The Four Year Career for Women 2nd Edition featuring: Margie Aliprandi, Pam Barnum, Kierston Kirschbaum, Brenda Schuler, Sara Marble, Whitney Husband, Jenifer Furness, Amani Zein McDermott, Masa Cemazar, and Sarah Robbins. This book is for any woman adventurous enough to open it up and begin the journey to a richer, more fulfilling, more purpose-driven life. Written by Kimmy Brooke, who went from struggling single mom to true financial freedom, this quick, fun read will allow you to explore your life in a self-narrative, journaling type of way. You will uncover new ideas, answer questions, and better understand the concept of this model called Network Marketing. It will lead you to answer one simple question: Is this for me? This is the “for women” version of the bestselling Network Marketing book The Four Year Career® by Richard Bliss Brooke, Kimmy’s partner in love, marriage, and business
Lawyer, doctor, scientist–these are the jobs Americans commonly cite when asked to list the most prestigious occupations. The word “professional” today implies expertise, authority, and excellence. To do a job professionally is to do it well. Yet in a society in which knowledge has
become a prized asset and an advanced degree the ticket to wealth and power, the rise of professionalism has a darker, more ominous side.
Power in the Highest Degree, one of the most comprehensive studies of professionals ever undertaken, exposes professionalism as a double-edged sword; it illustrates how experts have come to “own” and control knowledge, much like the wealthy control capital, thereby transforming capitalist and
socialist society, both for better and for worse. Knowledge long predates money as a source of power and wealth in human society, and professionals are only the most recent in a long succession of powerful knowledge classes that have included shaman, witchdoctors, and the Confucian mandarins who
ruled China for over a thousand years.
Drawing on interviews with over 1,000 practicing professionals, the authors show how, by dispensing self-interested and morally colored judgements as scientific truth, modern professionals are consolidating a monopoly over what passes for objective knowledge. Experts discredit the ordinary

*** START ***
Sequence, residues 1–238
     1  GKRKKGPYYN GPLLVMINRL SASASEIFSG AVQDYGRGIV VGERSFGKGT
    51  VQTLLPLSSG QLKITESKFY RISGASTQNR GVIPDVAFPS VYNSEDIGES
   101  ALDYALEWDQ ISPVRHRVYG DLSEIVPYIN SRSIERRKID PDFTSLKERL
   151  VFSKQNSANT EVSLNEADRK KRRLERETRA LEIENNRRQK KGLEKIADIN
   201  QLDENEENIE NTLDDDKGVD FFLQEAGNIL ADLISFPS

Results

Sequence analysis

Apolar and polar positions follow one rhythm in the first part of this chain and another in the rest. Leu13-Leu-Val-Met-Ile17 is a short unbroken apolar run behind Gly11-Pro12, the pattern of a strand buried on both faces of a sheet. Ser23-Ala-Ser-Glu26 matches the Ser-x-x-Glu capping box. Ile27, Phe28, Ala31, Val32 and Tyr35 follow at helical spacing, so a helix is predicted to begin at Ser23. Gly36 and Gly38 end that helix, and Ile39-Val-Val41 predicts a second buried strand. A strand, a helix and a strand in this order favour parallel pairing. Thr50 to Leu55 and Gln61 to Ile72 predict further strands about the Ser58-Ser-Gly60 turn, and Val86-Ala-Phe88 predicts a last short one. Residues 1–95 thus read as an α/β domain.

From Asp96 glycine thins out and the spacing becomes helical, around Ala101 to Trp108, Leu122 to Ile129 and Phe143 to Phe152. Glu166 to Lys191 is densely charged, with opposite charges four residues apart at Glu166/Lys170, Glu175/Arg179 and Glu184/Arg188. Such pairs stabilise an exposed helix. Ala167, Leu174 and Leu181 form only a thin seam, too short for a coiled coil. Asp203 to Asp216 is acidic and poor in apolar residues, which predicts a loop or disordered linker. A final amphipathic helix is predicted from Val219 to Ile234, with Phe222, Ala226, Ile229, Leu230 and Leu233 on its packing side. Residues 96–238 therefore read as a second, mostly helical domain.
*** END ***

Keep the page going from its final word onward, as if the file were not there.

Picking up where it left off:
knowledge of the general public to generate a vast market of dependent clients. The result is a powerful professional class that creates vital new knowledge and life-saving services, but also wields growing influence over a population deeply insecure about its ability to manage private and public
affairs without “expert” guidance.
This sweeping study also reveals that more and more experts are abandoning private practice to work for corporations, becoming junior partners in a new “Mandarin capitalism.” While often outspoken advocates of a more socially responsible business world, professionals have joined big business to
produce one of the most pronounced divisions of mental and manual work in history, creating a new dispossessed majority, the uncredentialed. We learn of an experiment at Polaroid to give machine operators more responsibility which is cancelled when managers and engineers decided that they “just
didn’t want operators that qualified.” The authors argue that, as this new “mandarin” class radically transforms the social order, it helps to reform some of the traditional scourges of the business world, but also poses a new threat to equality in America. To reverse this trend, they propose a
post-professional society that de-emphasizes skill hierarchies and substantially democratizes knowledge.
A bold and incisive new work of social criticism, this book provides a fascinating look at the modern professional and provokes Americans to think in a new way about democracy in the age of experts.